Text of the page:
Is there life after Harvard? One sort of answer comes today (Feb. 3) when three artists, all graduates of the Visual and Environmental Studies (VES) program, revisit their alma mater for a discussion of lessons learned and art done beyond college.
The panel is part of “Object Lessons,” an exhibit of work by the artists Liz Glynn ’03 of Los Angeles; Meredith James ’04 of New York City; and Xiaowei Wang ’08, now a landscape architecture student at the Harvard Graduate School of Design.
The show, which is wry and quirky, runs through Feb. 20 at Harvard’s Carpenter Center for the Visual Arts. Among the mixed media, video, and installation work is a short 2009 video by Glynn, the title of which is a kind of anthem for artists: “No Resistance Is Futile.”
Six milling figures, recorded from above, struggle to control a tall bundle of lumber tied at the middle. Their resistance is not futile; it makes art. The linear stack collapses into a gorgeous, starlike pile that illustrates what futurist Buckminster Fuller would call “tensegrity,” the beauty-making balance of tension and compression that undergirds nature.
“Object Lessons” also includes a work about what most artists seek and seldom get. “Applause” (2010) is a contraption composed of a chair, a motor-driven bicycle chain, and rubber hands that clap.
“As an artist, you end up having to be your own audience a lot, because you’re alone so much of the time,” said James. “So I did that to have my own audience.”
“Object Lessons” includes two videos by James, which in part work out her obsession with the built environment. (“I grew up in a New York City apartment,” she said, which fueled her fascination with old houses out of scale with those of her childhood.)
“Present Time” (2009) features ornate doors, high mirrors, spacious rooms, and building facades that the artist climbs up and down as if she were on a jungle gym.
“Day Shift” (2008) features a cramped office the size of a coffin. The set is part of the exhibit: tiny windows, miniature venetian blinds, a tiny chair, and a child-sized desk. “When I started building things with house parts,” said James, who plays a security guard in the video, “it had something to do with wanting to twist up space.”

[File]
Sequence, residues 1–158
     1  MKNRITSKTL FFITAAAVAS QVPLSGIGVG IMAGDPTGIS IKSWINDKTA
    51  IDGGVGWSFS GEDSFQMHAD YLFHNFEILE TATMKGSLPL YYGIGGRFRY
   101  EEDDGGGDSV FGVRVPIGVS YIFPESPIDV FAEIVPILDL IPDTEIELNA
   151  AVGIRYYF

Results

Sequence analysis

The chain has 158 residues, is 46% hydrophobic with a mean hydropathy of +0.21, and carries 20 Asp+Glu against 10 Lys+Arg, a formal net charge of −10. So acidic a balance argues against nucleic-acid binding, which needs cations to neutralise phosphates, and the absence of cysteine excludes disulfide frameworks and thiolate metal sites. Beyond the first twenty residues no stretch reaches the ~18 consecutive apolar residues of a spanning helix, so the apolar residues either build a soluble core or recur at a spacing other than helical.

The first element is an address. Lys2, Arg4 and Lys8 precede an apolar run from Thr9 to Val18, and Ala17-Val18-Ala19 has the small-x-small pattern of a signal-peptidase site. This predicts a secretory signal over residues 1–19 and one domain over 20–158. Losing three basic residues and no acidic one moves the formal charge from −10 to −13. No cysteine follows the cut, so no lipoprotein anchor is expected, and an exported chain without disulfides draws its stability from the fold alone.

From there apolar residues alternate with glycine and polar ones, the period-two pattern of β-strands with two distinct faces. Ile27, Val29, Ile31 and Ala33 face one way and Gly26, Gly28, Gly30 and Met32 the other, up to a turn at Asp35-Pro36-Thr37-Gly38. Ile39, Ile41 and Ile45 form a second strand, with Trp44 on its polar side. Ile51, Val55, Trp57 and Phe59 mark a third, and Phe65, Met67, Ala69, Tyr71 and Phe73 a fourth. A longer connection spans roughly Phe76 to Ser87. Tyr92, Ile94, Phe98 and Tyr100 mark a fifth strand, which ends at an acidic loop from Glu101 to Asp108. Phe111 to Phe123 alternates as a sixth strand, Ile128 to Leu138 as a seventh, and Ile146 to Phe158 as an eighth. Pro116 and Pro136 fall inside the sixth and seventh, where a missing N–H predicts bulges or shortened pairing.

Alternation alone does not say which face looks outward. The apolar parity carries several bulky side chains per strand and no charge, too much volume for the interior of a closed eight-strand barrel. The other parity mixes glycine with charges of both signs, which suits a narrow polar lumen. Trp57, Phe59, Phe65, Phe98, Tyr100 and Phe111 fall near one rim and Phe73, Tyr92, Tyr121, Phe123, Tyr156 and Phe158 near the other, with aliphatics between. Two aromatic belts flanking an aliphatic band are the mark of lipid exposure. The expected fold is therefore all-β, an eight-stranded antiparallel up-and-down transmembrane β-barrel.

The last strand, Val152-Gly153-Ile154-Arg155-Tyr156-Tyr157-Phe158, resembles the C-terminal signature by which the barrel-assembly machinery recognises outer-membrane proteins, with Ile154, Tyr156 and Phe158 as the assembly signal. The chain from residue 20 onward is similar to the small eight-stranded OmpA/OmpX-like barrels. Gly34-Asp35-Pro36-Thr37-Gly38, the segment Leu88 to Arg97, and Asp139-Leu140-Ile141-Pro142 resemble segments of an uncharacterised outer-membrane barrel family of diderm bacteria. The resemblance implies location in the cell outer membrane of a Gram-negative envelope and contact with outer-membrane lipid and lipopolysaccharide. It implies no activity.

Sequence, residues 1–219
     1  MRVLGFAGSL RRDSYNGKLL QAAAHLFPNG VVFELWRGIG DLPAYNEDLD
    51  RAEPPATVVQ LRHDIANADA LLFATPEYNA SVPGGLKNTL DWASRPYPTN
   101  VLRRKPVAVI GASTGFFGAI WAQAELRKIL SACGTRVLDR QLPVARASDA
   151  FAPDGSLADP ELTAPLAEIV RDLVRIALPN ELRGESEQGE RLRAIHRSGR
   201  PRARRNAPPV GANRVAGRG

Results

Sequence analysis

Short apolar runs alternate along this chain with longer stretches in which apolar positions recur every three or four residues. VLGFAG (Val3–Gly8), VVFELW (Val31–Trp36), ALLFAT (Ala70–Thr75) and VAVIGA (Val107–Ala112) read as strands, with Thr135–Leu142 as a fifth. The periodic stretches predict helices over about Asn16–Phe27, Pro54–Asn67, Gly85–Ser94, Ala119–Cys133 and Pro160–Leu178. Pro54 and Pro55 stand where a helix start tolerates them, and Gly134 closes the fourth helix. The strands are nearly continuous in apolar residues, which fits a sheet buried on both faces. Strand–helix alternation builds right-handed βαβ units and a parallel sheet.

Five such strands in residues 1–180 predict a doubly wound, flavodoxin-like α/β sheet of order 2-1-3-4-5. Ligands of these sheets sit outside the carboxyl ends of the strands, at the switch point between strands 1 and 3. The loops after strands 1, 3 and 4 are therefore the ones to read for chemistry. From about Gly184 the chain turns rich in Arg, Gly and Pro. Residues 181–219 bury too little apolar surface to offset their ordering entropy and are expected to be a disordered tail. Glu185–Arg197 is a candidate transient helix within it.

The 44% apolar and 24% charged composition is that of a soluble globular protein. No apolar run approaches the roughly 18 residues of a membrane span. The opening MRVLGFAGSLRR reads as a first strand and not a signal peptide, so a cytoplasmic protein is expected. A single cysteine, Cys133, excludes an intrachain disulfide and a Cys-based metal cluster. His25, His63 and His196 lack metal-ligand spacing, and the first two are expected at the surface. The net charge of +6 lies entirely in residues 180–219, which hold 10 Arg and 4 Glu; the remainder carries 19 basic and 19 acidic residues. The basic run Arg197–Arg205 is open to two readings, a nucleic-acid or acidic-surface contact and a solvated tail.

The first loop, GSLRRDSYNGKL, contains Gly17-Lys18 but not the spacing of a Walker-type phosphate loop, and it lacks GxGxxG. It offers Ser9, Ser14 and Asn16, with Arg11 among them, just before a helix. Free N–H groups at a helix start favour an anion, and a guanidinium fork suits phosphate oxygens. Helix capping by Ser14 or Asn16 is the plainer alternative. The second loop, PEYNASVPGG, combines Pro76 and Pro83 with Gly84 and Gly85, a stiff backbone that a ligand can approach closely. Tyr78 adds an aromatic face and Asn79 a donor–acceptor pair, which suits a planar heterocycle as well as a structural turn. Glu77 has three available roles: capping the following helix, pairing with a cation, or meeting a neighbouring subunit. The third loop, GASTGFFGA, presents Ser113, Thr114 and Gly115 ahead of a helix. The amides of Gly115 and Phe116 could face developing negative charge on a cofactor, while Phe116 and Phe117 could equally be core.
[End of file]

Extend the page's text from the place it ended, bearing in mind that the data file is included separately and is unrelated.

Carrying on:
Twisting up space may be the soul of video. “You can play with reality just slightly,” she said, “and peoples’ imaginations fill it in.”
Art has a way of twisting up time too. On display is Glynn’s “The 24 Hour Roman Reconstruction Project” (2008). In the video, workers at cartoonish speed construct a replica of Rome in a day, and then destroy it.
Wang is not out to wreck the Carpenter Center with her share of the exhibit. But she at least wants to argue with it. Her banners, frames, and lichen-smeared bricks are all set up outside the iconic 1963 structure, the only building in North America designed by Le Corbusier.
“Why should he be so important?” said Wang of Le Corbusier (1887-1965), a designer with a monumental reputation. Her part of the exhibit adds hints of nature to “a difficult building for anything to grow on,” she said. The hanging Tyvek banners waver like water in the wind, and in just weeks Wang’s bricks will sprout lichen.
Wang said the VES program prepared her to be an artist, but also to be anything else. James, who was once Glynn’s roommate at Harvard, said VES was a place to make lifelong friends, who at first “were the only people who would look at my work.”
James remembered being wowed years ago by her accomplished freshman peers. But no one arrived on campus knowing everything about drawing, animation, or film, she said. “Art was one of the only places you could start from scratch.”